Huehue Zaca

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Huehue Zaca

Tlatoani   Moctezuma I
Cihuacoatl   Tlacaelels

Father Huitzilihuitl
Mother Miyahuaxochtzin
Children Tzontemoc

Huehue Zaca or Çaca (Nahuatl pronunciation: [ˈweːweʔ ˈsaka]), also Zacatzin (Çacatzin, [saˈkatsiːn]), was a 15th-century Aztec noble, prince and a warrior who served as tlacateccatl ("captain general"[1]) under the ruler Moctezuma I, his brother.[2] The name of Zaca is probably derived from Nahuatl zacatl, meaning "grass"; -tzin is an honorific or reverential suffix. Huehue is Nahuatl for "the elder", literally "old man".


Zaca was the fourth child of Emperor Huitzilihuitl.[3] His mother was Princess Miyahuaxochtzin, the daughter of Tlacacuitlahuatzin, ruler of Tiliuhcan.[4] He was the younger half-brother of Emperors Chimalpopoca and Moctezuma I. His other brother was prince Tlacaelel.

Moctezuma is said to have had Zaca executed for singing and beating his drum loudly.[5]

Zaca had two sons: Tzontemoc, who served as tlacateccatl under Moctezuma's successors Axayacatl and Tizoc;[5] and Huitzilatzin, who was installed by Axayacatl as the first ruler of Huitzilopochco[5] (now known as Churubusco), a city near Chalco whose inhabitants are said to have been cannibals prior to the imposition of Aztec government.[5][6] A descendant of Zaca through his son Huitzilatzin, Hernando Huehue Cetochtzin, was taken along with many other indigenous nobles (notably Cuauhtemoc) on conquistador Hernán Cortés's expedition to Honduras (Huey Mollan), during which he died.[7]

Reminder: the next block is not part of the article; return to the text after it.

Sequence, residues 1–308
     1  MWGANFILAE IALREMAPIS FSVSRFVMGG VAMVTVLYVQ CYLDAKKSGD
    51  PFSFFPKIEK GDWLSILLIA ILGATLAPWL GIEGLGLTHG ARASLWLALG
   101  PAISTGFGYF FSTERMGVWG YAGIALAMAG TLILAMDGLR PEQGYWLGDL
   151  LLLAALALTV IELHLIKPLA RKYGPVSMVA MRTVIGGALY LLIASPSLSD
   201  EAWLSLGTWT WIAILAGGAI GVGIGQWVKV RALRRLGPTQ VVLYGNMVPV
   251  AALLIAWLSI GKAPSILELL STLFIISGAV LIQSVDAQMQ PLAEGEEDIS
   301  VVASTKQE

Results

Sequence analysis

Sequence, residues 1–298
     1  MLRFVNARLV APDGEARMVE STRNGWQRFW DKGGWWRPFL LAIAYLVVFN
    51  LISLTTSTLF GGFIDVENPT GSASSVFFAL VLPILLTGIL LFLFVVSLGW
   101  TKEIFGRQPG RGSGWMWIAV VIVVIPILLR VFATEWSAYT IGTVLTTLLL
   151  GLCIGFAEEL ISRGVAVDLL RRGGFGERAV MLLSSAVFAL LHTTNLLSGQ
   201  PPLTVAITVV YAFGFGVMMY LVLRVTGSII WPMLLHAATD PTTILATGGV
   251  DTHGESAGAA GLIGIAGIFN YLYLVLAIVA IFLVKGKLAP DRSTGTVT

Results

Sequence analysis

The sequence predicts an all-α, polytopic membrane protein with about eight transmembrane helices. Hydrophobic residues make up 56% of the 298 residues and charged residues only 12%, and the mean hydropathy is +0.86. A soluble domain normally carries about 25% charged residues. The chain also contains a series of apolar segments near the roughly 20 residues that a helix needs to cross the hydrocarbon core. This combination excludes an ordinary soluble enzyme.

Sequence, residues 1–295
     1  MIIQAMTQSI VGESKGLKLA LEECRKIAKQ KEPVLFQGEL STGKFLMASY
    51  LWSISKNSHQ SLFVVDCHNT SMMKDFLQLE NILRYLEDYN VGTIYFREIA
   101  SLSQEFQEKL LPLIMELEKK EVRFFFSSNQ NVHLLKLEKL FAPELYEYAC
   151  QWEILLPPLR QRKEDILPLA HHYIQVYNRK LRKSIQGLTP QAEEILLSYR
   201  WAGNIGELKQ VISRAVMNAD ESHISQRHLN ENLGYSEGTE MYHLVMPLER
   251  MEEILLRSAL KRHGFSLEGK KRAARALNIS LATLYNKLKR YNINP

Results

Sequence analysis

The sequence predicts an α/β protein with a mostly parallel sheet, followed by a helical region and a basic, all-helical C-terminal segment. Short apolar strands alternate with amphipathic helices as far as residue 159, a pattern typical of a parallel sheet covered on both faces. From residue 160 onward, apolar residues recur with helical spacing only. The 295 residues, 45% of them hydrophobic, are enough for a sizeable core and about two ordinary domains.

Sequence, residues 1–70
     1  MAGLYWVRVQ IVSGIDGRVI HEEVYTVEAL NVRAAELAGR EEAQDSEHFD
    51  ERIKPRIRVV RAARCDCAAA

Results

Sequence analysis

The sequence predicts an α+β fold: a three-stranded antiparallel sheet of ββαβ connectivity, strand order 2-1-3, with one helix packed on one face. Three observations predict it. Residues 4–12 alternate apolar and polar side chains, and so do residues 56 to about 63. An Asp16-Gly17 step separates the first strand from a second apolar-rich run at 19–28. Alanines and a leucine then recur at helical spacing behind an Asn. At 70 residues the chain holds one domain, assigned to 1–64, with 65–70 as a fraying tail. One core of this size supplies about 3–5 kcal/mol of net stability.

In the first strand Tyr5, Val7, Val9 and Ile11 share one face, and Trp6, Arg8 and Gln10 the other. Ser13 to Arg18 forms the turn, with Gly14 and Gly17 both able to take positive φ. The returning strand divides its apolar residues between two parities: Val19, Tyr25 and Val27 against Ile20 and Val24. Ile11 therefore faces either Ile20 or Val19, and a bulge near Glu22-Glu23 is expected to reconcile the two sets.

1. ^ Chimalpahin (1997): pp. 50–51
  2. ^ Chimalpahin (1997): vol. 1, pp. 146–147 and vol. 2, pp. 94–95.
  3. ^ Chimalpahin (1997): vol. 1, pp. 122–123.
  4. ^ Chimalpahin (1997): vol. 1, pp. 118–119 and vol. 2, pp. 94–95.
  5. ^ a b c d Chimalpahin (1997): vol. 1, pp. 146–149 and vol. 2, pp. 94–95. Cite error: Invalid <ref> tag; name "b" defined multiple times with different content (see the help page).
  6. ^ Isaac (2005): pp. 5–6.
  7. ^ Chimalpahin (1997): vol. 1, pp. 148–149.


  • Chimalpahin Cuauhtlehuanitzin, Domingo Francisco de San Antón Muñón (1997). Codex Chimalpahin: society and politics in Mexico Tenochtitlan, Tlatelolco, Texcoco, Culhuacan, and other Nahua altepetl in central Mexico: the Nahuatl and Spanish annals and accounts collected and recorded by don Domingo de San Antón Muñón Chimalpahin Quauhtlehuanitzin. The Civilization of the American Indian Series. edited and translated by Arthur J. O. Anderson and Susan Schroeder. Norman: University of Oklahoma Press. ISBN 0-8061-2921-2. 
  • Isaac, Barry L. (2005). "Aztec Cannibalism: Nahua versus Spanish and mestizo accounts in the Valley of Mexico". Ancient Mesoamerica. 16 (01): 1–10. doi:10.1017/S0956536105050030.